Obama’s Presser: Doing the Dishes, the GOP’s Holy Grail and the “Whole Elephant” of NSA Spying

A punchy president gets metaphorical on snooping, Snowden, Obamacare and more

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With his summer vacation just around the corner, maybe Barack Obama was feeling punchy. In his hour long press conference Friday afternoon, the president spoke in some memorably colorful terms about a range of issues. But at the heart of the event was the ongoing controversy over the NSA’s surveillance programs.

Obama opened by announcing several relatively modest steps to allay public concerns about the NSA’s activities, which he stressed are a problem both domestically but also (perhaps moreso) in other countries. Those steps include newly-released documents from the Justice Department and the NSA explaining the legal basis and parameters of the surveillance programs, plans for a group of outside experts to review the issue, and Obama’s willingness to work with Congress to add more oversight and transparency to the data collection process. Obama also said he would support changes to the Foreign Intelligence Surveillance Court, allowing for a more adversarial process at a court often accused of rubber-stamping the government’s requests. “It’s not enough for me, as president, to have confidence in these programs,” Obama said. “The American people need to have confidence in them as well.”

The subject seemed to bring out the writer in Obama, for better or for worse.

“We’ve seen information coming out in drips and in drabs, sometimes coming out sideways,” Obama said of the NSA’s programs. “Let’s put the whole elephant out there and see what we’ve got.” For a deeper dive on his proposed reforms, see this write-up at the national security law blog Lawfare, though they’re not likely to placate critics who long stopped trusting the administration’s statements on on its electronic snooping. (Nor will they appreciate Obama’s caveat, after he asserted that most critics of the surveillance programs are “patriots,” that, “No, I don’t think Mr. [Edward] Snowden was a patriot.”

Obama also threw in a curious metaphor about public trust: “If I tell Michelle that I did the dishes — now, granted, in the White House, I don’t do the dishes that much, but back in the day — and she’s a little skeptical, well, I’d like her to trust me, but maybe I need to bring her back and show her the dishes and not just have her take my word for it,” Obama said. It was not his finest rhetorical moment, perhaps. And predictably, conservatives chortled online.

But the president got in his own digs against the right. Asked about conservative efforts to defund Obamacare that could force a government shutdown this fall, his irritation was clear. Obama disdainfully called the GOP’s fixation with of blocking the law “their holy grail,” adding: “The one unifying principle in the Republican Party at the moment is making sure that 30 million people don’t have healthcare.”

Sounding exasperated, Obama also lamented the resistance of House Republicans to passing an immigration reform bill. “This is one where you’ve actually got some pretty broad consensus. I don’t know an issue where you’ve got labor, the Chamber of Commerce, evangelicals, student groups, you name it, supportive of the bill,” Obama said. “Let’s get it done.” But Washington has hardly been a place where things get done lately, and there’s no much evidence that’s about to change. Which is why Obama must be looking forward to that vacation.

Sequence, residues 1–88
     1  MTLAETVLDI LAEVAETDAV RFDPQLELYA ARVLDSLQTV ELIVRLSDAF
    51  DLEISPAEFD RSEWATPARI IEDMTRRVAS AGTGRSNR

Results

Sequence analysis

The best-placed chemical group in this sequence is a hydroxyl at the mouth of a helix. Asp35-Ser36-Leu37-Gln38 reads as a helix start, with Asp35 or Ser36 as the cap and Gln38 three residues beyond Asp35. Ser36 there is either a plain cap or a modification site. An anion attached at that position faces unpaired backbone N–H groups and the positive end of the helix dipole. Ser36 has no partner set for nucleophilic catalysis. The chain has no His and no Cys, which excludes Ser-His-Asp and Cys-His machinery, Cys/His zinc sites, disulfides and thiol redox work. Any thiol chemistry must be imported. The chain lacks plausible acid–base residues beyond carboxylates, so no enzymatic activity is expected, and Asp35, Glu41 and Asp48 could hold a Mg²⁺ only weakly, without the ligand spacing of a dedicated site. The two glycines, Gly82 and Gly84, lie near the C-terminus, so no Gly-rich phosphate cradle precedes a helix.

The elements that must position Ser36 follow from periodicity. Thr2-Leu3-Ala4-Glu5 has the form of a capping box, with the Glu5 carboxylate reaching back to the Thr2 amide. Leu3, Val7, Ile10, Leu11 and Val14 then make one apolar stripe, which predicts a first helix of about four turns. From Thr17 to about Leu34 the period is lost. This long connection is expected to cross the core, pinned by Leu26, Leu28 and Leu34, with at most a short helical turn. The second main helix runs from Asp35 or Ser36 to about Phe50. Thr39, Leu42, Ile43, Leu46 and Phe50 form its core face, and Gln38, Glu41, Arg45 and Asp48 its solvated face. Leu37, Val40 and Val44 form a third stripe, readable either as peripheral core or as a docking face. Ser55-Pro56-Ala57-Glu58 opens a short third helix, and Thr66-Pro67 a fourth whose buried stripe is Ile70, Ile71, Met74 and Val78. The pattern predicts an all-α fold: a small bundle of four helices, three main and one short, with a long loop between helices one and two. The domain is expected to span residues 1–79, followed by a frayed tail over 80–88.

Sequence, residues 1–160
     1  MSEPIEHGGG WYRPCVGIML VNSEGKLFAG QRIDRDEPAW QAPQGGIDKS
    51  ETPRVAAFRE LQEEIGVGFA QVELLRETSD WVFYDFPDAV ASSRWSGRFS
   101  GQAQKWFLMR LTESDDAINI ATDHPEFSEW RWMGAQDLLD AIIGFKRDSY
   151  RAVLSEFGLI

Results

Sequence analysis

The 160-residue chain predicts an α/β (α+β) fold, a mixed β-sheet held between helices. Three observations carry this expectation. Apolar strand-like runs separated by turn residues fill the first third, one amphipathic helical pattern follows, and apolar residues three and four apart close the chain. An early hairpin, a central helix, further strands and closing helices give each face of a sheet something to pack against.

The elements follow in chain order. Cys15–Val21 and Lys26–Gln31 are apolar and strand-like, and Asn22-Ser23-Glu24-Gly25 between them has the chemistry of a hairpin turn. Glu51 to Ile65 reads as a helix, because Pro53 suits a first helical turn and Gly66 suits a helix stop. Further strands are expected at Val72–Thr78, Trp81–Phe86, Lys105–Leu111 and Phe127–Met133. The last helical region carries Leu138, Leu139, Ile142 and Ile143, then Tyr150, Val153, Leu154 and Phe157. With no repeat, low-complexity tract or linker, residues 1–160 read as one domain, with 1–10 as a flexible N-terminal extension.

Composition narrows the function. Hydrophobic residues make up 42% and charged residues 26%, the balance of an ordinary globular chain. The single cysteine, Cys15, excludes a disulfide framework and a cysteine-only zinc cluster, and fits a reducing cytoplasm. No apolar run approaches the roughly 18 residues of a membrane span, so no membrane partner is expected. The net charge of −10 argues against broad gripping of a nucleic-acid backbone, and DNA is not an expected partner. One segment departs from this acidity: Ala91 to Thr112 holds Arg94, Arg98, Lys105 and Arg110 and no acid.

39 comments
notsacredh
notsacredh

" Obama disdainfully called the GOP’s fixation with of blocking the law “their holy grail,” adding: “The one unifying principle in the Republican Party at the moment is making sure that 30 million people don’t have healthcare.”

The real GOP Holy Grail is to impeach the President. If it isn't a drone attack on a Tea Party rally on The mall, sneaking a cigarette would do. It's just one thing after another with them. They lost and can't deal with it.

united_we_stand
united_we_stand

As a conservative I am against Obamacare because I oppose corporatism, lobbyists writing bills politicians don't understand, and the idea of forcing people to buy products and services they may not need. Thats a dangerous slope but not as concerning to me as the extent of government spying on citizens. Obama should drop a bomb on the facility in utah and be done with it. But that wouldn't be done with it, we know the government will just keep doing it. The major issue is no one can hold the federal government accountable. Each step towards an authoritarian system is arguably in the interests of the people. States who adopt a more conservative view on the constitution should look for ways to require the Feds obey it, for instance threaten the Federal government they don't get to collect income tax from its people if they violate their rights spying on them.

delta5297
delta5297

The Republicans' unifying goal isn't to prevent Americans from having access to healthcare. After all, the GOP supported an individual mandate decades ago. No, their goal is to oppose anything that Obama says or does, regardless of what it is. Even if Obama said "one plus one equals two" or "buckle your seat belt", they would oppose that.


jmac
jmac

Obama's four proposals (from Public Radio International) 

 Work with Congress to revise Section 215 of the PATRIOT Act, which allows collection of phone records along the lines of the program first revealed by Snowden.

 Make the intelligence programs more transparent. In his comments Obama outlined a host of small proposals that would be reflected in a new website about the government's intelligence gathering operations.

 Make changes to the Foreign Intelligence Surveillance Court. Obama didn't provide concrete details, but alluded to the idea of adding a public ombudsman to the court, to argue against the government in certain circumstances.

 Convene a team of outside experts to review U.S. surveillance programs in light of changing technology and propose changes for the future.


shepherdwong
shepherdwong